Help with Translating Ancient Mysterious Artifact

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posted on Nov, 25 2011 @ 06:37 PM
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Originally posted by IAMTAT

Originally posted by kdog1982
Just for a good reference and something to bookmark,ancient scripts from around the world.

www.ancientscripts.com...

Thank you; wonderful reference. Unfortunately, I'm not finding a match yet. Will definitely bookmark this.


What is really weird is the closest match I could come up with was from the pre-arabic cultures.

www.mnh.si.edu...

Or was that another thread?




posted on Nov, 25 2011 @ 07:11 PM
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reply to post by ArcAngel
 


Can't tell you what it means but i can tell you what language it is. It's greek and by the looks of it, pretty old form of Mycenaen.



posted on Nov, 25 2011 @ 07:43 PM
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Originally posted by lonewolf19792000
reply to post by ArcAngel
 


Can't tell you what it means but i can tell you what language it is. It's greek and by the looks of it, pretty old form of Mycenaen.

Interesting. If Mycenaean...wouldn't that have to make it Linear B?



posted on Nov, 25 2011 @ 08:01 PM
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reply to post by kdog1982
 

I will say this: This artifact is definitely extremely ancient...with sporatic calcification over the surface and within the characters. It is an extremely hard and heavy stone bowl which shows no wear within the shallow concave surface from grinding. This leads me to believe it was possibly used for memorializing or divining purposes.



posted on Nov, 25 2011 @ 08:42 PM
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I would say negative as a mortar. The concave surface appears, at least as photographed, to not be worn in the same way a natural stone grinding/pulverizing surface does. It appears that the symbols are not worn. Decorating the inside of a grinding or mortar type device seems counterproductive to me. The material you were grinding getting caught in the grooves and needing to be picked out.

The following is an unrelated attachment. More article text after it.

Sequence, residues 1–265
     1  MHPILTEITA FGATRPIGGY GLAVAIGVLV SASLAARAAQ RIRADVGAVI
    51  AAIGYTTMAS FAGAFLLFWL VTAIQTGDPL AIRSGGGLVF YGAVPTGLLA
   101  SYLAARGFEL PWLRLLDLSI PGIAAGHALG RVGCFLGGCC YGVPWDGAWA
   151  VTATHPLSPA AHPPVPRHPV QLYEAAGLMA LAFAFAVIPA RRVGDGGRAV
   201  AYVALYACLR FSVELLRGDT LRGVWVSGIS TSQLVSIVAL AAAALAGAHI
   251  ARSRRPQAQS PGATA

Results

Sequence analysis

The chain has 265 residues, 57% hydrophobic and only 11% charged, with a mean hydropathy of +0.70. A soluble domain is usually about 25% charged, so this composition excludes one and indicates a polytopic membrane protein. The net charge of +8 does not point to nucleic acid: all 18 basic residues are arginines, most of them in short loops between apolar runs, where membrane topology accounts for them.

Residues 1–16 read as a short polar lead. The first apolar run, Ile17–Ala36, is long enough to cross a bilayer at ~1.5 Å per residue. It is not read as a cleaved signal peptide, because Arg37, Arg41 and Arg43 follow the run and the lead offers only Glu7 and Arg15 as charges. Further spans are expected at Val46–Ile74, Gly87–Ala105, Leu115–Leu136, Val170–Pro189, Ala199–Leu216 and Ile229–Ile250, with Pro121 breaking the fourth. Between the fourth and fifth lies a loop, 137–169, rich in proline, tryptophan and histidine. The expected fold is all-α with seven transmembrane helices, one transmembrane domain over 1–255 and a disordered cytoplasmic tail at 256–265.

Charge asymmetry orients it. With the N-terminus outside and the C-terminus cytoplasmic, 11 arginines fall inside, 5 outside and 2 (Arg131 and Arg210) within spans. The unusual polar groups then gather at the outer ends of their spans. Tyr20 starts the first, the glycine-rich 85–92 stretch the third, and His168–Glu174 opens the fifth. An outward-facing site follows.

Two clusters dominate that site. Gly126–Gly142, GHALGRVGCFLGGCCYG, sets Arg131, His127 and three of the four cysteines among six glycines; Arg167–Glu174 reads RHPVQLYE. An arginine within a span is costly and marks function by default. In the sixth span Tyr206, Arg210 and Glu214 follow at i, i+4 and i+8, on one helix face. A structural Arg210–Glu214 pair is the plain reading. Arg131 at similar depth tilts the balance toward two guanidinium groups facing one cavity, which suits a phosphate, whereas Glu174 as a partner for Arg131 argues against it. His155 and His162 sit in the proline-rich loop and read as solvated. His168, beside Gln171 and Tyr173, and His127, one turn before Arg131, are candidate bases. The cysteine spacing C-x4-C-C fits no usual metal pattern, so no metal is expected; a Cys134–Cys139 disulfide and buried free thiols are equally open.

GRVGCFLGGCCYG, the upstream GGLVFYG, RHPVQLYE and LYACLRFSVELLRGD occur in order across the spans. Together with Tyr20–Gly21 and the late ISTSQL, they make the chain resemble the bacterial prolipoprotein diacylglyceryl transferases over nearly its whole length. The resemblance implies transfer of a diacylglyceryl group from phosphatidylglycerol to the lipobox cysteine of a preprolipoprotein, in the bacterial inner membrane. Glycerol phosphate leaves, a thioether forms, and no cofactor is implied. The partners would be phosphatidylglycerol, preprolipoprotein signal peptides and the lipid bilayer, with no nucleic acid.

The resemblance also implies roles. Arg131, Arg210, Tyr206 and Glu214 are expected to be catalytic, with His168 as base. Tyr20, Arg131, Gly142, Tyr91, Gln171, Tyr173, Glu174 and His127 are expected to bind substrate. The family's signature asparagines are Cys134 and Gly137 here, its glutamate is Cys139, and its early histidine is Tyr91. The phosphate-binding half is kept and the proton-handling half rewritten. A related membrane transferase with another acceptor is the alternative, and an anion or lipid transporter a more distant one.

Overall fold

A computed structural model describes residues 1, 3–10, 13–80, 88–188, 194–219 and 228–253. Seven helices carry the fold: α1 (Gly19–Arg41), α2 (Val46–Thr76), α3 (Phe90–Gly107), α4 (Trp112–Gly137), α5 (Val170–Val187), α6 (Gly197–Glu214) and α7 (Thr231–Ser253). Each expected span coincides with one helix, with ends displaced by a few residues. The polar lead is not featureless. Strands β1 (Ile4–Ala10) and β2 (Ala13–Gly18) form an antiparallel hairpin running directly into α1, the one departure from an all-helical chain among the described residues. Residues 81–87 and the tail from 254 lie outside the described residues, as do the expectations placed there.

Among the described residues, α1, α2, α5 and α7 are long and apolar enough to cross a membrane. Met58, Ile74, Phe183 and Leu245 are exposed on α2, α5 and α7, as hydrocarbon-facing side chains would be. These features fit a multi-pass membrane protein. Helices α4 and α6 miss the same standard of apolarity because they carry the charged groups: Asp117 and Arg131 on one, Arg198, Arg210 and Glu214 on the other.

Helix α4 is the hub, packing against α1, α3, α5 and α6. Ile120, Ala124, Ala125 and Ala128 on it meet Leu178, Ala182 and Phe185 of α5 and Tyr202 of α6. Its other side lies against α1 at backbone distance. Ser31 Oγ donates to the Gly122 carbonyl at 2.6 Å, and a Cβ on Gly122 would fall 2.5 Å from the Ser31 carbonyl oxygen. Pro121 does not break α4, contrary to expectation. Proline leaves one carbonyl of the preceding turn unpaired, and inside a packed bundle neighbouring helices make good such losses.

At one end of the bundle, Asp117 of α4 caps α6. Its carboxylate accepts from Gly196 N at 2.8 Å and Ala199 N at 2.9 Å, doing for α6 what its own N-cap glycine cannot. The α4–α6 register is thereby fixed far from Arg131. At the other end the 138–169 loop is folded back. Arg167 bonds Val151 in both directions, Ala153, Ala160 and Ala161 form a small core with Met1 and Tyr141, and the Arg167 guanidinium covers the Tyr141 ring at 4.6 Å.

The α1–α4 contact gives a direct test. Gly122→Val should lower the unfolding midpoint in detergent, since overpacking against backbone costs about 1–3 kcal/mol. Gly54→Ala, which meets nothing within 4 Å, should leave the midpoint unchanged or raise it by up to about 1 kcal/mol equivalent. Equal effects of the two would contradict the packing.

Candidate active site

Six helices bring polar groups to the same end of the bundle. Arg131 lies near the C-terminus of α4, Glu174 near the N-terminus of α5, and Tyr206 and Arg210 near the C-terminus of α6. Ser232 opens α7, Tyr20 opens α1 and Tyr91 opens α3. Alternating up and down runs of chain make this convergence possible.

I'll give you $10 for it!



posted on Nov, 25 2011 @ 08:44 PM
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My initial guess, alchemy symbols.
I need to dig further.

PLPL



posted on Nov, 25 2011 @ 08:47 PM
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I have to agree with others it seems like a mix of alphabets.. i see rune symbols and also Greek letters..


In the late viking period you could have in that area a mix of latin/greek from the christian church, runes from the viking culture as they became christians and druid from the local culture.

I would look for a viking settlement in a druid area where the artifact was found.

en.wikipedia.org...



posted on Nov, 25 2011 @ 09:30 PM
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If I guessed I would say alchemical runes. You seem to have a decent mix of different symbols there I can spot the circle with the middle dot for the sun or in alchemy the symbol for gold. Also you seem to have a Vesica Pisces, the (Jesus fish) symbol, some schools of alchemy use it instead of the traditional Pisces symbol, often times the Pisces was use for divination purposes, with it's relationship to water it would be present in seeing fountains, fill the bowl with water you got yourself an old time crystal ball. Which perhaps is what this particular bowl was used for, however I confused with some of the markings, like the circle surrounded by dots. This is also a symbol for the sun, however I have never seen it used as a gold symbol like the other sun glyph.....

Also you don't normally see gold symbols with a seeing bowl.

So, I am a bit confused. A very interesting piece for sure, I will dig a little into the other symbols see what I can see.



posted on Nov, 25 2011 @ 09:38 PM
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Good find OP!
I have to chime in and say i have seen things like this before used in ceremonial magic. The pieces i remember were used as a Altar centerpiece filled with water(for scrying perhaps)

The gothic runes have many esoteric magic symbols which may or may not be related to any language and there are relationships to Tarot symbols as well.



posted on Nov, 25 2011 @ 10:02 PM
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OK I got a few more. The P symbol possibly the Wunjo rune. A blessing rune, but also deals with truth telling.

The M shaped rune Ehwaz. Progress/ The will

The slightly z shaped rune is possibly a Algiz but uncertain, although the meaning is assistance especially of a divine nature.

The side ways V is a Kenaz, rune or wisdom, revelation and enlightenment.

I may have one more I am uncertain about the L shaped rune is possibly a variation on the Laguz. Water, intuition, and secrets.

All in all I believe you have a mishmash of various symbols not really a language. Still thinking a scry bowl.



posted on Nov, 25 2011 @ 10:27 PM
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Originally posted by chrismicha77
Is it just me or does some of those symbols look Egyptian??


Yes, the circle with the dot in the middle is a symbol for the sun too. I don't know if that would be Babylonian or Akkadian originally.
edit on 25-11-2011 by Onboard2 because: correct spelling



posted on Nov, 25 2011 @ 11:45 PM
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reply to post by ArcAngel
 

Haven't seen this one yet.


Gothic Rune Alphabet

Google that and click on images and you get a bunch of translation images plus web sites.



posted on Nov, 26 2011 @ 12:15 AM